In the “Timetable” column, we use abbreviations to indicate the particular documents being considered. ANPRM stands for Advance Notice of Proposed Rulemaking, SNPRM for Supplemental Notice of Proposed Rulemaking, and NPRM for Notice of Proposed Rulemaking. Listing a future date in this column does not mean we have made a decision to issue a document; it is the earliest date on which we expect to make a decision on whether to issue it. In addition, these dates are based on current schedules. Information received subsequent to the issuance of this Agenda could result in a decision not to take regulatory action or in changes to proposed publication dates. For example, the need for further evaluation could result in a later publication date; evidence of a greater need for the regulation could result in an earlier publication date.

Finally, a dot (•) preceding an entry indicates that the entry appears in the Agenda for the first time.

Request for Comments

General

Our agenda is intended primarily for the use of the public. Since its inception, we have made modifications and refinements that we believe provide the public with more helpful information, as well as make the Agenda easier to use. We would like you, the public, to make suggestions or comments on how the Agenda could be further improved.

Reviews

We also seek your suggestions on which of our existing regulations you believe need to be reviewed to determine whether they should be revised or revoked. We particularly draw your attention to the Department's review plan in appendix D. In response to Executive Order 13563 “Retrospective Review and Analysis of Existing Rules,” we have prepared a retrospective review plan providing more detail on the process we use to conduct reviews of existing rules, including changes in response to Executive Order 13563. We provided the public opportunities to comment at www.regulations.gov and IdeaScale on both our process and any existing DOT rules the public thought needed review. The plan and the results of our review can be found at http://www.dot.gov/​regulations.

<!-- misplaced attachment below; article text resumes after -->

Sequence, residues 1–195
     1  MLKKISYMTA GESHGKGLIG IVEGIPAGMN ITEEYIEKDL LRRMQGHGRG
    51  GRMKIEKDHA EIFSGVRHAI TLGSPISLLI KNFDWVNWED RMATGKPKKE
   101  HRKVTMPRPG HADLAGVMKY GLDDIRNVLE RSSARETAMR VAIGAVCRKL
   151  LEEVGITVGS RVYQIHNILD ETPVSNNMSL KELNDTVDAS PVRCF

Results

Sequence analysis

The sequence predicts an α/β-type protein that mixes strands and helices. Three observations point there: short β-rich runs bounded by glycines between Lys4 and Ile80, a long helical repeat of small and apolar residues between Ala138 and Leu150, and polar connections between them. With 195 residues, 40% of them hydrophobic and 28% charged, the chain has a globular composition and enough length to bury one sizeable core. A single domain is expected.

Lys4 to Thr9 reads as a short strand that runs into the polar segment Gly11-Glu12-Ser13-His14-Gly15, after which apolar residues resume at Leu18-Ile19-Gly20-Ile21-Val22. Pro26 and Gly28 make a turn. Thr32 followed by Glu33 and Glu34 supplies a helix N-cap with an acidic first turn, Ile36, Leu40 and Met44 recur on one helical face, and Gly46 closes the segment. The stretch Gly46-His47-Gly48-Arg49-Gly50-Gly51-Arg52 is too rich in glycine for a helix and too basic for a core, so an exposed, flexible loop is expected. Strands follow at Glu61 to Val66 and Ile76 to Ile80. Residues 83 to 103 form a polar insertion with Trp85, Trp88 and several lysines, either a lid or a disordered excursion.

Regulatory Flexibility Act

The Department is especially interested in obtaining information on requirements that have a “significant economic impact on a substantial number of small entities” and, therefore, must be reviewed under the Regulatory Flexibility Act. If you have any suggested regulations, please submit them to us, along with your explanation of why they should be reviewed.